Virtualizing Your Office: How to Create a Virtual Workplace
Old habits die hard. While we live in the Internet Age, many businesses continue to operate as they did in past decades. Employees commute into work, handouts are distributed at meetings in a conference room, workstations are installed with software and store data, and, at the end of the day, some commute home and others stay in the office late into the evening.
For many businesses, this is an inefficient way to operate an office. Instead of having everybody in the office every day, your employees can telecommute more frequently. Instead of using paper handouts, your company can reduce its reliance on paper. Instead of maintaining software and data on local machines, your office can transfer and securely store data in the cloud. The benefits of virtualizing office operations are numerous:
- By providing employees access to work materials at home, your company facilitates both telecommuting and flex time policies. These policies increase both productivity and employee morale and even contribute to a healthier workforce.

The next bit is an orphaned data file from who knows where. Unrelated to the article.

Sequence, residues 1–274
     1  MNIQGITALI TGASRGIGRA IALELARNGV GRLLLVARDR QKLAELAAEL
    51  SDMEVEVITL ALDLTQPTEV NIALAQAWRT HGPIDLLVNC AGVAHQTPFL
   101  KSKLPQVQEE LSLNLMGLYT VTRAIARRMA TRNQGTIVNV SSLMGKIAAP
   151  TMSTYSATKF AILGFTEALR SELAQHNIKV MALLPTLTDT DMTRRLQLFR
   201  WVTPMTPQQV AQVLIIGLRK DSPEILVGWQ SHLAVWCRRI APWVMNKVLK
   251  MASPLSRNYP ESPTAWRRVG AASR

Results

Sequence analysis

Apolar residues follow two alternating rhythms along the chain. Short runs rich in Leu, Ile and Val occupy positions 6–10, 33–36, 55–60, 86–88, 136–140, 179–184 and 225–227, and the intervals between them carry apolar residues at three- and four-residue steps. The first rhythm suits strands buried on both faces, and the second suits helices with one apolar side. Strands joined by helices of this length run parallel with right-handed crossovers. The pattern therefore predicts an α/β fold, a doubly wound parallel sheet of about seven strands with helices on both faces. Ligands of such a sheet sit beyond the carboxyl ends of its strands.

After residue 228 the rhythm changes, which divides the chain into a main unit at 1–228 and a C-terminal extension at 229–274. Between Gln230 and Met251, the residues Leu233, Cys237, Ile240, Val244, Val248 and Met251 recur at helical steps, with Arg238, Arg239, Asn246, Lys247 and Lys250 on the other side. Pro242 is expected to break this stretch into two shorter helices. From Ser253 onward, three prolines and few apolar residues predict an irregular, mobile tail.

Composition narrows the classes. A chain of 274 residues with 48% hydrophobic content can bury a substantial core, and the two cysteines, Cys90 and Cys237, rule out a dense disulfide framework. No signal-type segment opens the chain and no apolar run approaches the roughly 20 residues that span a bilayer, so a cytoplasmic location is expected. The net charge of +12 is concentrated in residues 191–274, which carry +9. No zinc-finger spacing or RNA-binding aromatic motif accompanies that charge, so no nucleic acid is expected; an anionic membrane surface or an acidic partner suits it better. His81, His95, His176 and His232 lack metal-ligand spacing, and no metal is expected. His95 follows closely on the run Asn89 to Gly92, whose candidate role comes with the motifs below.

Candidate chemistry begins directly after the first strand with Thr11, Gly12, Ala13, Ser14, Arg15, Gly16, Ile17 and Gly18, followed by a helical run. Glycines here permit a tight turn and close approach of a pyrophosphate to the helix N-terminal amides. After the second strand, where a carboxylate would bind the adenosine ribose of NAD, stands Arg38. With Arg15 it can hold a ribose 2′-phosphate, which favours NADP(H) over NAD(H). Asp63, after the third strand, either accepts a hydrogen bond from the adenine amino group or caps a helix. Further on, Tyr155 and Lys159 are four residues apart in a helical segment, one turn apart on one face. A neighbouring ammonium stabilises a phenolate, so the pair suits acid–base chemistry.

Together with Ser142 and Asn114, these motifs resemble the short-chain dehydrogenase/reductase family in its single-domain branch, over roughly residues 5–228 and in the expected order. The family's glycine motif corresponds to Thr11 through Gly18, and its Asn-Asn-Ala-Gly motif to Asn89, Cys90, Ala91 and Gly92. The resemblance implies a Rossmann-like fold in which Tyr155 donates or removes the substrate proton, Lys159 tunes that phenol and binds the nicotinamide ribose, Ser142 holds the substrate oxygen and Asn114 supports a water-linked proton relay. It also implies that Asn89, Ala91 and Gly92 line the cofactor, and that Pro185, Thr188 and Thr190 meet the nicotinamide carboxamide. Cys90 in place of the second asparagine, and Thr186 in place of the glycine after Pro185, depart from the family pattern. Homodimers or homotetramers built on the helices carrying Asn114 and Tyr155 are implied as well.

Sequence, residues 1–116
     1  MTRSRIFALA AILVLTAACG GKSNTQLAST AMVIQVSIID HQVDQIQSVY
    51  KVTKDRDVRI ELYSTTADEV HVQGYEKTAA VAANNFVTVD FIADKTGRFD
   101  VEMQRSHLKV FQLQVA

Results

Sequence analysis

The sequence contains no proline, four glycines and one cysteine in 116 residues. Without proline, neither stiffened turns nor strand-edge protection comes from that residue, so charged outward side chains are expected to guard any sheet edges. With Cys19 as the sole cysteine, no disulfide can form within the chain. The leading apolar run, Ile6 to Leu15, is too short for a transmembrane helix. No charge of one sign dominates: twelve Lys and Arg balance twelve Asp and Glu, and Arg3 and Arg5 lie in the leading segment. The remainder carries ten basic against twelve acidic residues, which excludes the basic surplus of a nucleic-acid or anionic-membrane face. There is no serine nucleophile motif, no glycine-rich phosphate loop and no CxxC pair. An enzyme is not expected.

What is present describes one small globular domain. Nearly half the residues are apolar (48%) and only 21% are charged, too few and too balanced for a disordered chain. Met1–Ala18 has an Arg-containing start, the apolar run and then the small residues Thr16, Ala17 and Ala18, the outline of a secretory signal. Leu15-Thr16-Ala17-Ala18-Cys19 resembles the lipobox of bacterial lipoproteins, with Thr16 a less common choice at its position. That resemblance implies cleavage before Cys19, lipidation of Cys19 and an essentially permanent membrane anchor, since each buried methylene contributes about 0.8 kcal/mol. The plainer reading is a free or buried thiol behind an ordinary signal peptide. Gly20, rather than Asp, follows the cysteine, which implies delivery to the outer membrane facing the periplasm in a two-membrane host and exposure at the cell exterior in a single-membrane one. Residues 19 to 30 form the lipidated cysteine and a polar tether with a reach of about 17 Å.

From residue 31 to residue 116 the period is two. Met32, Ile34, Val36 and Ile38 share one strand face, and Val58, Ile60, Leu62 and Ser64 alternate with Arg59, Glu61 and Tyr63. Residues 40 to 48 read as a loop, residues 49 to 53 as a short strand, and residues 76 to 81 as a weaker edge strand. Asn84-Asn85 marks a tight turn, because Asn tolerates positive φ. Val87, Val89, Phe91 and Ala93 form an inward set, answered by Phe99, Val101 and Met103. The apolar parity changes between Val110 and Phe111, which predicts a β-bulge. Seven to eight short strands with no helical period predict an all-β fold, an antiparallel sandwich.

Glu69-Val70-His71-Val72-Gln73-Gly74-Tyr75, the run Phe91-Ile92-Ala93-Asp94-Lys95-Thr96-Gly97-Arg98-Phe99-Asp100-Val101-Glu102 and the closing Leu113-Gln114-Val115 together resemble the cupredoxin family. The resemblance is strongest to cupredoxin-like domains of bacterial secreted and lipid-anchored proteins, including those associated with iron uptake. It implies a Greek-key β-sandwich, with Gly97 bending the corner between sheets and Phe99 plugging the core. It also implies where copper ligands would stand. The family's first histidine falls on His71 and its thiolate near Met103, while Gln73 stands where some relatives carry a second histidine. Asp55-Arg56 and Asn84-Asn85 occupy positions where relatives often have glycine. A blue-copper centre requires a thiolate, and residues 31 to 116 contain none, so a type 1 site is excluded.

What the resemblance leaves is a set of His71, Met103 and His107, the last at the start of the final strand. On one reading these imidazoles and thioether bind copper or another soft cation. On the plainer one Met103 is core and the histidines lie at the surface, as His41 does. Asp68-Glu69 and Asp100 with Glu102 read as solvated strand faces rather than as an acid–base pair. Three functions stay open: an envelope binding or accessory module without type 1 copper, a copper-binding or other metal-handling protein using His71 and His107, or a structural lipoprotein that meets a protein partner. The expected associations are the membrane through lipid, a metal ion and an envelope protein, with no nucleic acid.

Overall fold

- Your company can realize cost savings. Virtualizing your office reduces costs by reducing expenditures on supporting in-office staff, reducing office equipment, and decreasing expenditures on storing and managing physical files.
- By virtualizing your office, you improve your company’s ability to coordinate with partners and vendors. Communication is made easier when your company has the infrastructure to remotely conference with your partners and to share information electronically.
- As a bonus, you’re helping the environment by reducing your use of paper, your employees’ use of fuel, and your office’s energy consumption.
Here are steps that your business can take to virtualize its operations:
1. Move from locally stored software to cloud computing